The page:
• Spoken By • Documented By • Behind the Words • Derivation of the Language • Characteristics of the Language • A Taste of the Language • Some Useful Phrases • Numbering System • Philological Fact(s) • In Their Own Words • If You’re Interested in Learning the Language • For More Information
Krakozhian supplies information (loosely defined) in seven categories. Who speaks it? People of Krakozhia, of whom we meet one – Hank’s character Viktor Navorski. Documented by? Steven Spielberg directed. What’s behind the words? A summary of the film’s plot. From whence is Krakozhian derived? Apparently it’s an ersatz Bulgarian. Linguistic characteristics? It sounds Slavic. Philological facts [Note 1]? Viktor learns English while staying in the terminal; and the story is similar to an Iranian’s plight at the Charles de Gaulle Airport in Paris. To learn more, check out the film’s page on IMDb.
I fail to understand why there’s an entry for Krakozhian.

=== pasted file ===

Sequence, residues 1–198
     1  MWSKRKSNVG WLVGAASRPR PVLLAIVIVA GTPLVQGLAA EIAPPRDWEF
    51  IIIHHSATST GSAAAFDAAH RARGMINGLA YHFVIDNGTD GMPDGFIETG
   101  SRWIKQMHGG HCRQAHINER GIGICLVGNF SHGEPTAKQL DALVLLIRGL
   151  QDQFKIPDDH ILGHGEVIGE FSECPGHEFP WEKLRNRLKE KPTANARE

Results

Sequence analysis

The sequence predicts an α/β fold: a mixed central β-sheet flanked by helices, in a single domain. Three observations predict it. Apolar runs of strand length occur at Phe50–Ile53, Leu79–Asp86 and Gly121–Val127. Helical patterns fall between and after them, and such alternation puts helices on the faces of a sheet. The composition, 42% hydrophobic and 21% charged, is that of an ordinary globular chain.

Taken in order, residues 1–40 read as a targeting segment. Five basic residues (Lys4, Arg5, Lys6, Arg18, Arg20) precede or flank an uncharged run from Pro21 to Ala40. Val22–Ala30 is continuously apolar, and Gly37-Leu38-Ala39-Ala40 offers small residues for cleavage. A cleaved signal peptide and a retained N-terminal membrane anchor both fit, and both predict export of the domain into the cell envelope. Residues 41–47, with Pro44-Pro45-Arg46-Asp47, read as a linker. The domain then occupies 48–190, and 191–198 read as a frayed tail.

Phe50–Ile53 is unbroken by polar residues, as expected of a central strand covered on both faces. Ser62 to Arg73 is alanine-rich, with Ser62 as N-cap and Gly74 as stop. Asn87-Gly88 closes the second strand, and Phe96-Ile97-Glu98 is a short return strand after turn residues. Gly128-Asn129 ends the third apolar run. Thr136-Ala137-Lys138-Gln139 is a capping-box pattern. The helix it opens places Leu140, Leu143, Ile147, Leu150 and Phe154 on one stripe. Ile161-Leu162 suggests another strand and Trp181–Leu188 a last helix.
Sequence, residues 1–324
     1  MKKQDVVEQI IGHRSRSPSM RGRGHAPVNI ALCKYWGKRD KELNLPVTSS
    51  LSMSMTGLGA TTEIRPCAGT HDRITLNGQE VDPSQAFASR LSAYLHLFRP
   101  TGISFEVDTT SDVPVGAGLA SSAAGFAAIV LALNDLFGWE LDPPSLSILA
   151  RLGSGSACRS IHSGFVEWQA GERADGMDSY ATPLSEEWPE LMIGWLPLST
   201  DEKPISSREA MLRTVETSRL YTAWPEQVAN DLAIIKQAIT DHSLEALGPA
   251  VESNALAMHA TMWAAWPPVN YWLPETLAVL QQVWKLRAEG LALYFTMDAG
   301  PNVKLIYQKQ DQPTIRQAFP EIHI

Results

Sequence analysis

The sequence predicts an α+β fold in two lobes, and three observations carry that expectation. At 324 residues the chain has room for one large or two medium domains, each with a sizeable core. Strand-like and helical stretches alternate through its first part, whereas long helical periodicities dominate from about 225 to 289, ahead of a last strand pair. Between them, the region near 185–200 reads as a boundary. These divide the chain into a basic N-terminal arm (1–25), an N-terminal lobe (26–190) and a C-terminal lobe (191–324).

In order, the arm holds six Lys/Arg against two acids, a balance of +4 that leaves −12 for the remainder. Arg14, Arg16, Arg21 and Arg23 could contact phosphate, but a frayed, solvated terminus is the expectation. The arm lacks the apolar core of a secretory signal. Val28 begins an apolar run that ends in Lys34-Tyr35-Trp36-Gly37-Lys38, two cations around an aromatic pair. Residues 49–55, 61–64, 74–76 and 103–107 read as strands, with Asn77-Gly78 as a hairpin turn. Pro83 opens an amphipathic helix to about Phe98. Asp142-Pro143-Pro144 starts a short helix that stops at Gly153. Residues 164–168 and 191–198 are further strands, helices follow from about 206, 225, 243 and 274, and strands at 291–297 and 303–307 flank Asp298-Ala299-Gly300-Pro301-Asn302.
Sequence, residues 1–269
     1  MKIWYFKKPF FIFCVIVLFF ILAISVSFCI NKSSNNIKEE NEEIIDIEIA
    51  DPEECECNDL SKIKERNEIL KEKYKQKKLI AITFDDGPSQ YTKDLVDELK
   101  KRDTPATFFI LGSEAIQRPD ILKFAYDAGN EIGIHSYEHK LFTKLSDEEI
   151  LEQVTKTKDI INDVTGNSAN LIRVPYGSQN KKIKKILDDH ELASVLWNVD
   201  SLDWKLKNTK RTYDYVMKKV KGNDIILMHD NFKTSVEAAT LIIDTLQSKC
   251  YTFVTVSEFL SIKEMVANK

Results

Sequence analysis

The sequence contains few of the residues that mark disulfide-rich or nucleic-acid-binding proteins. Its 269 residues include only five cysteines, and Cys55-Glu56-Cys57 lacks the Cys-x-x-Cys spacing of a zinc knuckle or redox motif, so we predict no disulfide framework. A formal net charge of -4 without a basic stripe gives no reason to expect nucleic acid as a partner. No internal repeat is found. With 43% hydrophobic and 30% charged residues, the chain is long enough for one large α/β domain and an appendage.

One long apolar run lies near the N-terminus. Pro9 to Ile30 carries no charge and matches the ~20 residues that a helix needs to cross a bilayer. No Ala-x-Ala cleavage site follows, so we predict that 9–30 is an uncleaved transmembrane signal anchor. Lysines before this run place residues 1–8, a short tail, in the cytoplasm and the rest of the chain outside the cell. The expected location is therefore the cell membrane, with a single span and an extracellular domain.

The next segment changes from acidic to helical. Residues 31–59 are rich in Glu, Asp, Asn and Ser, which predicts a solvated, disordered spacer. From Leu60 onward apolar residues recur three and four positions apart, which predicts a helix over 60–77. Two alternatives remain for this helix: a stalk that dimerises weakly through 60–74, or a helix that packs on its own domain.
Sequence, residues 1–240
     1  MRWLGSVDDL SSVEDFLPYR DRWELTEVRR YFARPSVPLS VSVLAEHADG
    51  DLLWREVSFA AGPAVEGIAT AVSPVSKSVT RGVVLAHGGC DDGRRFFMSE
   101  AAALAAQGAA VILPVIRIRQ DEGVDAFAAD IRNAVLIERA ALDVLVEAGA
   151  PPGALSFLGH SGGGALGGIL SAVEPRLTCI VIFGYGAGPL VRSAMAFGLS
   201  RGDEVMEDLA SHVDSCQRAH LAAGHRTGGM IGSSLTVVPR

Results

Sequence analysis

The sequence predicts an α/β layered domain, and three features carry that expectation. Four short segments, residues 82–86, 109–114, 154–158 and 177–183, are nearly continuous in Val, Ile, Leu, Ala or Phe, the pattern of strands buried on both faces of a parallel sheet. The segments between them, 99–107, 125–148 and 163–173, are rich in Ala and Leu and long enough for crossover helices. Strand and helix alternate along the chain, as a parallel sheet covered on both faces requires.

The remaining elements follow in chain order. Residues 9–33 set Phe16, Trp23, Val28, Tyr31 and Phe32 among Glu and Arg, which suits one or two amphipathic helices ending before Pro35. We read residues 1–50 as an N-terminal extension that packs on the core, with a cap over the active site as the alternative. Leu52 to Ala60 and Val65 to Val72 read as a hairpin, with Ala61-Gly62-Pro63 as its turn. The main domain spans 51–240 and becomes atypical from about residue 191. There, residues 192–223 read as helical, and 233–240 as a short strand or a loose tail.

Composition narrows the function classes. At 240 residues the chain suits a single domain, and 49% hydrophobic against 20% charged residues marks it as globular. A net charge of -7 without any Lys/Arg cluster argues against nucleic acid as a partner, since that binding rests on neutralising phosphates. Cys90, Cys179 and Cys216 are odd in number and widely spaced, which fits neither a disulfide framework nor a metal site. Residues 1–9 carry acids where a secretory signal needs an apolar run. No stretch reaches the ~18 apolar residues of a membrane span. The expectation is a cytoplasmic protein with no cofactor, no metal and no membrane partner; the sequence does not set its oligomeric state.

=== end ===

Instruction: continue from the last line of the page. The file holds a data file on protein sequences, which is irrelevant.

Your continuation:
I could go on for any number of entries but I’ve made my point. The author lacks a discriminating eye [Note 2]. This would have been a far more useful and interesting book if he had focused on more-developed conlangs.
There was one omission I found odd considering the dross Rogers included and that’s no entry for M.A.R. Barker’s Tsolyani. Here we have a language for which fans have created fanzines and websites, and for which there’s a rich corpus about its grammar and literature, yet it doesn’t even get the page that Gobbledegook, the language of J.K. Rowling’s goblins, merits. Similarly, I question why the author mentions only Verdurian of the many languages Mark Rosenfelder has created for his fantasy world Almea. Rosenfelder devotes a great amount of energy to developing realistic conlangs, with detailed grammars and snippets of literature, but Verdurian gets a page and a half, mostly fluff.
Perhaps I’m misunderstanding Rogers’ purpose in putting this information together but I didn’t find much of use or real interest here so I can’t recommend it.
Note 1: I’m not sure but I believe the author’s grasp of “philological” is fatally flawed. Another example of a “philological fact” found in “The Old Tongue” entry is “[b]efore The Wheel of Time, Robert Jordan wrote Conan the Barbarian novels” [Note 1a].
Note 1a: I should mention that the aforementioned Conan novels are some of the best in the post-REH stable. It was a literary reboot of a series that had been languishing in the unimaginative hands of Lin Carter for far too long.